ZURICH (Reuters) - Host nation Russia’s World Cup squad was declared free of doping by FIFA on Tuesday after the global soccer body followed up on the McLaren report, which uncovered widespread cheating across more than 30 sports in the country.
However, global soccer’s governing body said in a statement that investigations into several players unrelated to the World Cup were continuing.
A report commissioned by the World Anti-Doping Agency (WADA) and compiled by Canadian sports lawyer Richard McLaren in 2016 found that more than 1,000 Russian competitors were involved in a conspiracy to conceal positive drug tests over a five-year period. Soccer was among the sports involved.
Russia, which will host the World Cup in June and July, has acknowledged some findings of the McLaren report but has repeatedly denied the existence of a state-sponsored doping programme.
FIFA said that, following the report, it launched its own investigation “prioritising high-level players against whom a suspicion had been raised, in particular those who might participate in the 2018 FIFA World Cup in Russia.”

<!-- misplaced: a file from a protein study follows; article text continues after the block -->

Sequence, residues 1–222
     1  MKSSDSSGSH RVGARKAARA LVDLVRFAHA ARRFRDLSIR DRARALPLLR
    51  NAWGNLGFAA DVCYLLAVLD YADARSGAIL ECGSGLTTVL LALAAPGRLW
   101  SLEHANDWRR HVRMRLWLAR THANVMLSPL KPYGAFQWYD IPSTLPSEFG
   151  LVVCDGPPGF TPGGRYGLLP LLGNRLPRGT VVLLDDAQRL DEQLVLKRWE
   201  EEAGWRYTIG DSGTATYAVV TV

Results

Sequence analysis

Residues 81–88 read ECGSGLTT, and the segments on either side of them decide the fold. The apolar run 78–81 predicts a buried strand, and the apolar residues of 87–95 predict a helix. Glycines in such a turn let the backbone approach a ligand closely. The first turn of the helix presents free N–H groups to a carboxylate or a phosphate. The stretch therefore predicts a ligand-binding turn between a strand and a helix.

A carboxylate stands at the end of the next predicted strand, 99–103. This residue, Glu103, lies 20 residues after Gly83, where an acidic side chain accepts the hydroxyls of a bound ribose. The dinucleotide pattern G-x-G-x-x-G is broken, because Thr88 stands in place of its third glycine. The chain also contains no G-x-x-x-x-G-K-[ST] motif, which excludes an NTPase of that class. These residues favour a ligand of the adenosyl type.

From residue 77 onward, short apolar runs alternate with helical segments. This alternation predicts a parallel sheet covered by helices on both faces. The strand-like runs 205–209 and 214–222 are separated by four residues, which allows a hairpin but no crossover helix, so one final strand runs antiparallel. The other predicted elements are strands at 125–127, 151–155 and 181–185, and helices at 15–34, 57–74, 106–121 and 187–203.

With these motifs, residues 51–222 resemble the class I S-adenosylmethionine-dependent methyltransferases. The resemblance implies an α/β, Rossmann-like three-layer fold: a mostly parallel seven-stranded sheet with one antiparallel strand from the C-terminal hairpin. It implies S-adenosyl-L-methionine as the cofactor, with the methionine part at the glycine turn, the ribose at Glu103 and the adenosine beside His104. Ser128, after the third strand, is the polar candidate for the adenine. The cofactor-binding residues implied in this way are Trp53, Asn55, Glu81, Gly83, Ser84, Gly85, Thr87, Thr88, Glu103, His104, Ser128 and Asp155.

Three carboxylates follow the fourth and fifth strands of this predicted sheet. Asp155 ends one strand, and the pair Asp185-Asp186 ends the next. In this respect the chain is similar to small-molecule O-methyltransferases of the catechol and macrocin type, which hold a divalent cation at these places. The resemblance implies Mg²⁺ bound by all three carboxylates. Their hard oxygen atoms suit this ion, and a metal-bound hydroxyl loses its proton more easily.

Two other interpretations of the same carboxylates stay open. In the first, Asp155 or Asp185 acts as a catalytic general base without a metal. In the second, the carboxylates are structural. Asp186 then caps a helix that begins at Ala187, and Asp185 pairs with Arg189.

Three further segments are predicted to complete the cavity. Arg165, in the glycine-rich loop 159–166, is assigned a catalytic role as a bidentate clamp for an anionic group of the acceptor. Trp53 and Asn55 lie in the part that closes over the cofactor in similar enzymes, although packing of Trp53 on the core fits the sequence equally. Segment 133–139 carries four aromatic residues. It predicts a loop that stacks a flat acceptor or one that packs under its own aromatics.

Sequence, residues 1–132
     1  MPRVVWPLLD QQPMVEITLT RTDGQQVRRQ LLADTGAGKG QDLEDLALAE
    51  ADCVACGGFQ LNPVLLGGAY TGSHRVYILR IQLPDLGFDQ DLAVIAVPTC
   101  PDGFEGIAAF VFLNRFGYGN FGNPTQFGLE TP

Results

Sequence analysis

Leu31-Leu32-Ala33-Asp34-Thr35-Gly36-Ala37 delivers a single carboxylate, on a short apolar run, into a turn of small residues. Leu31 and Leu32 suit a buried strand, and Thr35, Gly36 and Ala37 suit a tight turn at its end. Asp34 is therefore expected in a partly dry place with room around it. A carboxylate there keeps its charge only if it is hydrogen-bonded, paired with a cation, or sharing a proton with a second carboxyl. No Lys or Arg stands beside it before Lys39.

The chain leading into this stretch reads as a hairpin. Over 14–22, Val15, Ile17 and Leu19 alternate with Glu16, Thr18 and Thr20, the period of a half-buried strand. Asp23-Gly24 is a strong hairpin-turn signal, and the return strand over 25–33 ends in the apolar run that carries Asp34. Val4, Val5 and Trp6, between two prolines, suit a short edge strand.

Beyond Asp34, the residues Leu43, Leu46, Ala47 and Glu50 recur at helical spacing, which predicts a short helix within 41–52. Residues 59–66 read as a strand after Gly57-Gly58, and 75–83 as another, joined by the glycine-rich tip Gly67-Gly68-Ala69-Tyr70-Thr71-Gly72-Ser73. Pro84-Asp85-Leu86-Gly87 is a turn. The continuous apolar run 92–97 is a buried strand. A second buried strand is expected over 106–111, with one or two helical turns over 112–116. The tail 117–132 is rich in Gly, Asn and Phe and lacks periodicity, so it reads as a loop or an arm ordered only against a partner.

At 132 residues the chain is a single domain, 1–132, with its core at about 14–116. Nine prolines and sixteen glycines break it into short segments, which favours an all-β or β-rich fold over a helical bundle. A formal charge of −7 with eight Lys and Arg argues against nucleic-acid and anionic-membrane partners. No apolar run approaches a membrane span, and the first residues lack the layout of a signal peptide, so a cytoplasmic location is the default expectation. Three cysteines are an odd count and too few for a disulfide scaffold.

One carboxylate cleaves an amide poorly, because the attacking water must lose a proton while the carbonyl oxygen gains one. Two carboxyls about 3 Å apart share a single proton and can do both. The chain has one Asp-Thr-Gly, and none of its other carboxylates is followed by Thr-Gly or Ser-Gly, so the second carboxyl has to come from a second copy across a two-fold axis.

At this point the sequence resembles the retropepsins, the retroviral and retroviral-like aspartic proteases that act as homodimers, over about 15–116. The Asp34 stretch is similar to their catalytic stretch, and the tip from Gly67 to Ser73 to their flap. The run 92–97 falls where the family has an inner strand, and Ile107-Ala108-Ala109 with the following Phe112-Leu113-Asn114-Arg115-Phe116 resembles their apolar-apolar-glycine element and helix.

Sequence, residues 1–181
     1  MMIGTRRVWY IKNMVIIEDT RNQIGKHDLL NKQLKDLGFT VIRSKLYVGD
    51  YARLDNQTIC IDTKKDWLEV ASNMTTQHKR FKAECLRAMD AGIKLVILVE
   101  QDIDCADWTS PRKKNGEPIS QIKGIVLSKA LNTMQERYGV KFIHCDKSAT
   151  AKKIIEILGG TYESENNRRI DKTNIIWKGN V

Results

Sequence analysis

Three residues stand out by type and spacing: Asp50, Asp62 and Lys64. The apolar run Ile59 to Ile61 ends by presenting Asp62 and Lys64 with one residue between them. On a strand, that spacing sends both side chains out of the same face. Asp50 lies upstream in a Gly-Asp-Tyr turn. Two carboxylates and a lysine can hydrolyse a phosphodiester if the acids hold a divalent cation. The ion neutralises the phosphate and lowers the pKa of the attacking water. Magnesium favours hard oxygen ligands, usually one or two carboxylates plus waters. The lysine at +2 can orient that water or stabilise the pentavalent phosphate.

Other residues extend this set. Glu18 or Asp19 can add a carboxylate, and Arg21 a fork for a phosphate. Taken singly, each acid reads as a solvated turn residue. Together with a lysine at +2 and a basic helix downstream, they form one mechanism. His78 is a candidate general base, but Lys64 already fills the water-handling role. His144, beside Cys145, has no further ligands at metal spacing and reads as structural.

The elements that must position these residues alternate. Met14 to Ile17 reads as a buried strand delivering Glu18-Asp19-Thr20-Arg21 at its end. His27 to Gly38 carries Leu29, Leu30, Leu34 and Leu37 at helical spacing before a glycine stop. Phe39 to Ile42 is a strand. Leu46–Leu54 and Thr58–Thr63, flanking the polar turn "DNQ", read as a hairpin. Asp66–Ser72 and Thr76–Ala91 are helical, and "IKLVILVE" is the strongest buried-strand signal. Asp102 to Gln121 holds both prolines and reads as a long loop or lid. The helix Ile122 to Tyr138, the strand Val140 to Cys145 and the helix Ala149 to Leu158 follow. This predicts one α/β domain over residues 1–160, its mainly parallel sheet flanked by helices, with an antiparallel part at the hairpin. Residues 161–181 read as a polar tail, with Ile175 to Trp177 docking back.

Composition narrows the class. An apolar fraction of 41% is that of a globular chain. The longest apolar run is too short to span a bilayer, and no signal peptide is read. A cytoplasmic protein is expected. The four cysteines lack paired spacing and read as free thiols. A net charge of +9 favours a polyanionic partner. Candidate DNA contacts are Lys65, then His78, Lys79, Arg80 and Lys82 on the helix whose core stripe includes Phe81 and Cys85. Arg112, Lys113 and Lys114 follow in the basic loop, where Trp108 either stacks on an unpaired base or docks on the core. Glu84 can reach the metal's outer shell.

It concluded that “insufficient evidence was found to assert an anti-doping rule violation” in the cases of all 28 members of Russia’s provisional squad from which the final 23 will be named. WADA had agreed with its findings, FIFA said.
“FIFA performed several unannounced targeted doping controls in the process of the investigations and the Russian squad has been one of the most tested teams prior to the FIFA World Cup,” it added.
FIFA said it assessed all information contained in the report “with the support of scientific and legal experts” and contacted McLaren himself.
It said that samples taken by FIFA of all players mentioned in the McLaren reports and high-level players were re-analysed and all results were negative.
FIFA also said it sent questions to Russia’s former anti-doping chief-turned-whistleblower Grigory Rodchenkov and assessed his answers “with the support of scientific and legal experts.”
Regarding Russian non-World Cup players, FIFA said it will “continue to work on these cases in cooperation with the WADA Further updates will be provided in due course.”
There was no immediate comment from the Russian Football Union (RFU).
Reporting by Brian Homewood; Editing by Christian Radnedge and Toby Davis